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Hematol Oncol Clin North Am. 1992 Aug;6(4):829-41.

Growth regulation of ovarian cancer.

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Department of Medical Oncology, Fox Chase Cancer Center, Philadelphia, Pennsylvania.


The disease referred to as ovarian cancer is composed of those tumors derived from the ovarian surface epithelium. Ovarian cancer incidence peaks in postmenopausal women, when the hormonal milieu is in a state of flux. The ovarian carcinomas have histologic characteristics of classical endocrine responsive tissues. For example, the serous tumors are similar in appearance to the epithelium of the fallopian tube, the mucinous tumors to that of the endocervix, and the endometrioid tumors to that of the endometrium. These observations alone suggest a role for hormones in disease etiology and progression. In addition, much experimental evidence has accumulated that shows direct hormonal and growth factor effects on the normal and neoplastic ovarian surface epithelium and the potential for responsiveness based on the presence of specific receptors. The concept that growth stimulatory substances, by their impact on mitosis and cell number, may influence the rate of mutations that could confer malignant transformation serves as an additional mechanism by which growth stimulatory substances can influence ovarian cancer initiation. With the emergence of new molecular biology techniques, future studies should unravel the mechanisms by which steroid hormones, peptide hormones, and peptide growth factors influence the development of ovarian cancer.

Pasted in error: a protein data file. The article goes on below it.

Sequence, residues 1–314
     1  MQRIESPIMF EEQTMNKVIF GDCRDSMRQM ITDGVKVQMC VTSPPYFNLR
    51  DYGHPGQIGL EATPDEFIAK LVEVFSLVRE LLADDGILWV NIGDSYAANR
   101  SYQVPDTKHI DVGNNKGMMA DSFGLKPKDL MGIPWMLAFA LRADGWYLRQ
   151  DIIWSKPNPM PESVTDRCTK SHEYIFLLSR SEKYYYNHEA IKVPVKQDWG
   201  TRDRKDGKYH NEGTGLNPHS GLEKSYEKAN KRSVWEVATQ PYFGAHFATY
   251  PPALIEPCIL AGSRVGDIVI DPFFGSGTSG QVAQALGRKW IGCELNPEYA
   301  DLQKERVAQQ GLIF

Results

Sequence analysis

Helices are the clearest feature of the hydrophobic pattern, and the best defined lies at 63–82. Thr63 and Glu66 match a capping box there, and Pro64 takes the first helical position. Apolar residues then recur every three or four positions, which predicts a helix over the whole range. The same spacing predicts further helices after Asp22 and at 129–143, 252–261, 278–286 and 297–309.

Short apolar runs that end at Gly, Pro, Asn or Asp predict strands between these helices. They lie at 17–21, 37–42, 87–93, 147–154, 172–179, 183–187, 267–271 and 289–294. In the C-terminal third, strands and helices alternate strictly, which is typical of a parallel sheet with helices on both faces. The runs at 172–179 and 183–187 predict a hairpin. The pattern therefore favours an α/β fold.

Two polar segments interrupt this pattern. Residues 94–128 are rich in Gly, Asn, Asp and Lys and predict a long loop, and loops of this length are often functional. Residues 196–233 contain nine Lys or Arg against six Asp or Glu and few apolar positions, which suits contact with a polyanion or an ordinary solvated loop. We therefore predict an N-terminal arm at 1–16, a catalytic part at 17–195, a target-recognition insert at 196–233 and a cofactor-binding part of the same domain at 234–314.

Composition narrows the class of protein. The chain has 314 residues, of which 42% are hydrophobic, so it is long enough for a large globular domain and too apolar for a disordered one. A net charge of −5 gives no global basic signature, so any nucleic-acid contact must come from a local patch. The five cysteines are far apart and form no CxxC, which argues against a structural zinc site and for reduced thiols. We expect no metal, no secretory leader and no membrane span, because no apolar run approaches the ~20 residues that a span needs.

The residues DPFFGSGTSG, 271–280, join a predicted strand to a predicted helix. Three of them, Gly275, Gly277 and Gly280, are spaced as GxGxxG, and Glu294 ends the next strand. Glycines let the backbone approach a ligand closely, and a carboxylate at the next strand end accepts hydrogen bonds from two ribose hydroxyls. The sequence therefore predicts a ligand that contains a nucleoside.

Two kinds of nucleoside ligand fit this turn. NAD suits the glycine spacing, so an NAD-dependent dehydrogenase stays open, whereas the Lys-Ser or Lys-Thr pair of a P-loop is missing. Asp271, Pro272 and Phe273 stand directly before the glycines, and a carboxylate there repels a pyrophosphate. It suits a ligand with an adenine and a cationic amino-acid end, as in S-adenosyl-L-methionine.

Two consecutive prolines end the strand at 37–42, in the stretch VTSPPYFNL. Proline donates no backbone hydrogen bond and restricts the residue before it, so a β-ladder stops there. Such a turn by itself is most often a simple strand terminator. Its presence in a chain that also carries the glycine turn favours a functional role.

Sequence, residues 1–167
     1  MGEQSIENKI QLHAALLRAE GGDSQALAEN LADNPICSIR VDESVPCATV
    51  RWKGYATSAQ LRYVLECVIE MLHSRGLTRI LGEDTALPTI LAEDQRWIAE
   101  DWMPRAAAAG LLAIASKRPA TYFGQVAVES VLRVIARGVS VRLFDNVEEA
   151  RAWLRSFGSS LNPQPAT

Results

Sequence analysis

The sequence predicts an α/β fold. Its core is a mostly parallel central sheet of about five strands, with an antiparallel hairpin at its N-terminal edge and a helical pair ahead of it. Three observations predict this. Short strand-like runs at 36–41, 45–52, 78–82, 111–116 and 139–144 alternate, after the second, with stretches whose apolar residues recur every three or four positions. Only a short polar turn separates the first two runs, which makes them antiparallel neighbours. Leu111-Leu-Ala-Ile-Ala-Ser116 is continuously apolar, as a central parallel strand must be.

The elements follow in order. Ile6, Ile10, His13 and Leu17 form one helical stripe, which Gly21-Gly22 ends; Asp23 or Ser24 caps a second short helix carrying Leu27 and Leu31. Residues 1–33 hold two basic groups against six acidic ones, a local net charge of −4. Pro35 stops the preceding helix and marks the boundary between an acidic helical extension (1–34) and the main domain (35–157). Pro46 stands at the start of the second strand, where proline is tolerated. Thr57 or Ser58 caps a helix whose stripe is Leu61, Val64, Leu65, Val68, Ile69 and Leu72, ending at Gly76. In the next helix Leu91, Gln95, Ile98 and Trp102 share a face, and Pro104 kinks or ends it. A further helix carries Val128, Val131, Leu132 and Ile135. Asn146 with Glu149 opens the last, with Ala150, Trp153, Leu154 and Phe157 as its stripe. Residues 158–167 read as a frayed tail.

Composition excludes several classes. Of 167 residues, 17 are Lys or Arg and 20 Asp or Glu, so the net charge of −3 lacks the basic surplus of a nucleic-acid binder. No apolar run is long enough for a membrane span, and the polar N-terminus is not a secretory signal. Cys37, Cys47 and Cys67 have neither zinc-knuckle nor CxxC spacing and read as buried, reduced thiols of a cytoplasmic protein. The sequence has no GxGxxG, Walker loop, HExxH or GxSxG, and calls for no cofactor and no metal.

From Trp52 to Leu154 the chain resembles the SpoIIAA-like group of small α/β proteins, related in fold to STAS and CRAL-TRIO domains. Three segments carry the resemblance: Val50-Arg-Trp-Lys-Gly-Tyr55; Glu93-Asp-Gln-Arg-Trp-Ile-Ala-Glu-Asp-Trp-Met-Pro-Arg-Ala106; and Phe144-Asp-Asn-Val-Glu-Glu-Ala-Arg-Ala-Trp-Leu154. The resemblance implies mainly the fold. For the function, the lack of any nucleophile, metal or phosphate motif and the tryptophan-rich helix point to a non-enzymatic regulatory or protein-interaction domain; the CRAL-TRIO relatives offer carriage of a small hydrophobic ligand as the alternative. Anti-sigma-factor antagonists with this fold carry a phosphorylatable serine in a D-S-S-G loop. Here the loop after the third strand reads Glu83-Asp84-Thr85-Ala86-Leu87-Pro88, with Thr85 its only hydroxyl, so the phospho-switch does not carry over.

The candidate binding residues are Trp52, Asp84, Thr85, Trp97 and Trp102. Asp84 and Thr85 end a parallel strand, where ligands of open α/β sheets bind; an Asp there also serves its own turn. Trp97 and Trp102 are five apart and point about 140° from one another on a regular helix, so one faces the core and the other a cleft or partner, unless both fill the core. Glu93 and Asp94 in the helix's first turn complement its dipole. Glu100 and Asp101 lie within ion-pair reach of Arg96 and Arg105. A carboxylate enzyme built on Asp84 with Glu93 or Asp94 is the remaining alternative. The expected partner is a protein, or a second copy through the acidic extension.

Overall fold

[Indexed for MEDLINE]

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